The NY Times looks at the measures colleges are taking to prevent their students committing suicides, due to the high profile on-campus suicides at schools like MIT and NYU. Many schools are asking faculty to notice whether or not students are absent or sullen, which, while admirable, seems like administrations are asking professors to take on another role besides teacher. The procedures that two NYC schools, NYU and Columbia, are examined. At NYU, one student was forced to withdraw from attending school because she had suicidal thoughts; when she felt better, the school didn't allow her to return, prompting an editorial in the Washington Square News to say NYU should try to work with the students, because "Pushing those students out of the university community is not the answer." The Columbia example is Nicole Thompson, who felt worse about herself when asked to leave. And Columbia found out about her depression because her friends alerted the school.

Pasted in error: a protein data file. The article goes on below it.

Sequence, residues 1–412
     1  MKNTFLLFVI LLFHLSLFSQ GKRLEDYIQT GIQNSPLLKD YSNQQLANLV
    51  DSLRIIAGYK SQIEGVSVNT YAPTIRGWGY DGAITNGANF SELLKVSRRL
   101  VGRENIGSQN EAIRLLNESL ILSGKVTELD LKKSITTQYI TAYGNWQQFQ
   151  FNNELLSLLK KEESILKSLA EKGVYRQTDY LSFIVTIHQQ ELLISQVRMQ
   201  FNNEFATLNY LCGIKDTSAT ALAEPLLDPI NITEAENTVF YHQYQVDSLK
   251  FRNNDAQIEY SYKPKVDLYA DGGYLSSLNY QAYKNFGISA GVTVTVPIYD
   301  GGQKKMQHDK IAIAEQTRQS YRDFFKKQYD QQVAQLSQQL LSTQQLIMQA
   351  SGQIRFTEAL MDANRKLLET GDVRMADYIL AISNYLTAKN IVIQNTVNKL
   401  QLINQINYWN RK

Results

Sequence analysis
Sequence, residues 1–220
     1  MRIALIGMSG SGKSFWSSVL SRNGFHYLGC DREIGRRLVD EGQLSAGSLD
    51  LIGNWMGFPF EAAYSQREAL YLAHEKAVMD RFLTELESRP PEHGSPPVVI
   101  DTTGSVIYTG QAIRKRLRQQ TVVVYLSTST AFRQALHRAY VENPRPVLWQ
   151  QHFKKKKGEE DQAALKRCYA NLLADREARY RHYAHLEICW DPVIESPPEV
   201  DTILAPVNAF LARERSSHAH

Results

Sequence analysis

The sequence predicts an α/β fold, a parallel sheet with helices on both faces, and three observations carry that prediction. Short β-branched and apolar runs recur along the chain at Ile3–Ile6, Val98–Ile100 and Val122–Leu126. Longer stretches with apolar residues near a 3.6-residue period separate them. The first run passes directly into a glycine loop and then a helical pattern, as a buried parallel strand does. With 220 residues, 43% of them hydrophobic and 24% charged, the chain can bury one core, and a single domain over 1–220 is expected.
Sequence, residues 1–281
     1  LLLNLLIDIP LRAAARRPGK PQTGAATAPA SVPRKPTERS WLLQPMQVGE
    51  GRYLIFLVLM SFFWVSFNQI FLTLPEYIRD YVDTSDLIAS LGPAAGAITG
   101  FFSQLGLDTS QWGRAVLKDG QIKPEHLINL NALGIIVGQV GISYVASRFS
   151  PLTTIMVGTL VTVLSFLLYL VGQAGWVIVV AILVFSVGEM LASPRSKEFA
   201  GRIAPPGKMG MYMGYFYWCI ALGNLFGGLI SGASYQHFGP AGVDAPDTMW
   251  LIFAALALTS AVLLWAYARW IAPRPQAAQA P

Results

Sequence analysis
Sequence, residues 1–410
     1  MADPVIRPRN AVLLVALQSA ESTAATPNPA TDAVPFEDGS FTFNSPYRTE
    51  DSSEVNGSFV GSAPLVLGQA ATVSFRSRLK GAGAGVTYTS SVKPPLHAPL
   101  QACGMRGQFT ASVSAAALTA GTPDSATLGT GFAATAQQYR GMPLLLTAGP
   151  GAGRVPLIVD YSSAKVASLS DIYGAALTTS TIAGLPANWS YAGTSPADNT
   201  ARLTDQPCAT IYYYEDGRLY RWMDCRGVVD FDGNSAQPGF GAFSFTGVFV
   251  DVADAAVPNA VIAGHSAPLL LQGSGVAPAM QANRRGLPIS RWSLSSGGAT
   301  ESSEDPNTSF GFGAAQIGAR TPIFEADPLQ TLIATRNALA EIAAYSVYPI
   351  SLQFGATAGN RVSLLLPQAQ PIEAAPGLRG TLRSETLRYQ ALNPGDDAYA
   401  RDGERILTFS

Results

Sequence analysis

What's interesting about plight of college suicice is that schools are trying to prevent suicides, because suicides are bad PR and could have financial implications (parents suing the school, for example). But many college tout the environment and atmosphere of the community as much as they do the academic opportunities, which makes Gothamist curious how far colleges are willing to go with their responsibilities to the student. Sure, many colleges are putting counselors in dorms, but is that enough? Or weren't there days when bouts of depression, with a few dark days, were more normal and acceptable?